D. A. stresses in­tegrity

Lacey de­tails plans for unit that will re­view in­no­cence claims by in­mates con­victed of se­ri­ous felonies.

Los Angeles Times - - LOS ANGELES - By Marisa Ger­ber marisa.ger­ber@latimes.com

Draw­ing at­ten­tion to mis­takes of the past might seem like an in­con­gru­ous goal for the dis­trict at­tor­ney’s of­fice. But Los An­ge­les County Dist. Atty. Jackie Lacey said her of­fice’s new con­vic­tion re­view unit will only im­prove its rep­u­ta­tion for truth- seek­ing.

Cre­at­ing a unit to in­ves­ti­gate claims of in­no­cence shows that the pur­suit of truth trumps any po­ten­tial em­bar­rass­ment that could re­sult from the ex­on­er­a­tion of a pris­oner her of­fice helped put be­hind bars, she said.

“You should not al­low your ego to get in the way of chang­ing a poor de­ci­sion,” Lacey said Mon­day dur­ing a news con­fer­ence. “My of­fice will not turn away from its duty to look at new, cred­i­ble ev­i­dence that sug­gests a mis­take was made.”

Lacey’s of­fice joins more than 15 pros­e­cu­to­rial agen­cies across the coun­try — in­clud­ing Man­hat­tan, N. Y., the U. S. at­tor­ney’s of­fice in Washington, D. C, and a hand­ful of dis­trict at­tor­neys’ of­fices in Cal­i­for­nia — that are work­ing to iden­tify in­no­cent pris­on­ers.

The new unit will re­view claims of in­no­cence and in­ves­ti­gate those that meet cer­tain cri­te­ria. Although the an­nounce­ment was met with wide­spread praise, some le­gal ex­perts said the of­fice should ex­pand the types of cases it will con­sider.

Ex­perts said the move will prob­a­bly inf lu­ence other agen­cies across the state to adopt sim­i­lar prac­tices.

“It’s a great step for­ward,” said Adam Grant of Loy­ola Law School’s Pro­ject for the In­no­cent.

The con­vic­tion re­view unit — “the CRU,” Lacey called it — will comb through letters, screen­ing for cases that fall within its strict cri­te­ria.

The unit will only ex­am­ine cases of peo­ple cur­rently in­car­cer­ated for se­ri­ous or vi­o­lent felonies who make claims of ac­tual in­no­cence, Lacey said. It won’t con­sider claims of self- de­fense or in­com­pe­tent le­gal coun­sel.

The unit also will not re­view claims from any­one who con­fessed, Lacey said.

Af­ter an ini­tial screen­ing of letters, cases will go through a sec­ond level of re- view, Lacey said. Ul­ti­mately, a com­mit­tee of depart­ment man­agers will de­cide whether to va­cate charges.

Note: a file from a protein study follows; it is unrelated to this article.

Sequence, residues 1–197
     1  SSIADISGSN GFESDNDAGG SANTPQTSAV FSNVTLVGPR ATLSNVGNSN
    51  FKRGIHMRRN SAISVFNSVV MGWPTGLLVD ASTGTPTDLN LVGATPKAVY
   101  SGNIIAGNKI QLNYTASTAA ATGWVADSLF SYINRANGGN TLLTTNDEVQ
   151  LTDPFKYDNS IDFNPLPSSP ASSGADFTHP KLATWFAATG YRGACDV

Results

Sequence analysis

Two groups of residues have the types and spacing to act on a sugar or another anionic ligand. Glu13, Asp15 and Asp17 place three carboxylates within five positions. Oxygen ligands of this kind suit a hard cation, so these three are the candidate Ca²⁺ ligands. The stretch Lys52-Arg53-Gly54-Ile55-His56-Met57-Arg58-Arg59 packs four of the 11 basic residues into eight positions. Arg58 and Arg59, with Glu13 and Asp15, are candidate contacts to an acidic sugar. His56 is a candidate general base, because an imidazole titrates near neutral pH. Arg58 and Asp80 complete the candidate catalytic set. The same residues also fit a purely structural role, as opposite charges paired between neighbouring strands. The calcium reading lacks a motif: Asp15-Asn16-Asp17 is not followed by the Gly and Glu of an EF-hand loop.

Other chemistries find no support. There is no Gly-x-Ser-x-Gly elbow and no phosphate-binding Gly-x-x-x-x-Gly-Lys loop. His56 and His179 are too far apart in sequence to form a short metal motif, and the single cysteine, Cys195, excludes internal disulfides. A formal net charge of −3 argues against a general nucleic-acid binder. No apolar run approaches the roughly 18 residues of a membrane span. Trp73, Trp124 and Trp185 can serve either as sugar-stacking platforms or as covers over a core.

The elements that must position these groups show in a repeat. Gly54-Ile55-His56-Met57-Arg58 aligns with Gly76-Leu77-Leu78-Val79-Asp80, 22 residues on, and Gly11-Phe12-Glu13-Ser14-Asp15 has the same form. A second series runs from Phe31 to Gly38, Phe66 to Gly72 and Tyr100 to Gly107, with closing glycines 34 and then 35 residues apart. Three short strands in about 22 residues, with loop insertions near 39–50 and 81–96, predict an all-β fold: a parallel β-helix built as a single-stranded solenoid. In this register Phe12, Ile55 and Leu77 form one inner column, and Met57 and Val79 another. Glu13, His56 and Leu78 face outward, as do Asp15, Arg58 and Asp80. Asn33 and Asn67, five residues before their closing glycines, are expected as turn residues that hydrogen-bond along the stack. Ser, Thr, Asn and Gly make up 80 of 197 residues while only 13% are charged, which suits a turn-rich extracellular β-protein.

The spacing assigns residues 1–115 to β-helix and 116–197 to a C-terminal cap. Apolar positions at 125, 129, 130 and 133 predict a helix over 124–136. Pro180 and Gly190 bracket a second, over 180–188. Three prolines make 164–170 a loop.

Some le­gal ex­perts said the de­ci­sion not to re­view claims from those who con­fessed could elim­i­nate the op­por­tu­nity to ex­on­er­ate some­one who was co­erced to falsely ad­mit guilt.

Deirdre O’Con­nor, who leads In­no­cence Mat­ters, a non­profit or­ga­ni­za­tion ded­i­cated to pre­vent­ing and over­turn­ing wrong­ful con­vic­tions, said peo­ple some­times plead guilty to a crime to avoid the risk of a lengthy sen­tence.

Still, O’Con­nor praised the new move and said she ex­pects the cri­te­ria will evolve.

Mon­day’s an­nounce­ment fol­lowed the Board of Su­per­vi­sors’ ap­proval last week of nearly $ 1 mil­lion for the unit, which Lacey said will pay for three pros­e­cu­tors, a se­nior in­ves­ti­ga­tor and para­le­gal.

Some dis­trict at­tor­neys have hired lawyers with a de­fense back­ground to head their units — a move that some le­gal ex­perts say gives the leader au­ton­omy and fresh per­spec­tive. Lacey said she con­sid­ered that route but ul­ti­mately de­cided against it.

“Pros­e­cu­tors have a man­date to seek the truth,” she said. “De­fense at­tor­neys have a man­date to de­fend their client no mat­ter what the ev­i­dence shows.”

She se­lected a 22- year vet­eran of the dis­trict at­tor­ney’s of­fice, As­sis­tant Head Deputy Ken Lynch, who was pre­vi­ously a su­per­vi­sor in a gang unit.

Obie An­thony, who was freed from prison in 2011 af­ter 17 years be­hind bars, said the new unit sends a mes­sage to pros­e­cu­tors: “There is some ac­count­abil­ity,” he said.

An­thony was con­victed of a 1994 mur­der out­side a brothel in South Los An­ge­les. In 2011, a judge over­turned the con­vic­tion, con­clud­ing that the pros­e­cu­tion’s main wit­ness — a pimp — lied to the jury about get­ting a clear look at the gun­man.

An­thony said chills ran through his body as he thought about other wrong­fully con­victed peo­ple who might not lose as many years as he did.

“In­tegrity is com­ing back through the pipeline,” he said. “It’s a beau­ti­ful move by the dis­trict at­tor­ney.”

Peo­ple can send claims of in­no­cence to: Dis­trict At­tor­ney’s Con­vic­tion Re­view Unit, Attn: AHD Ken Lynch, 320 W. Tem­ple St., Los An­ge­les, CA 90012.

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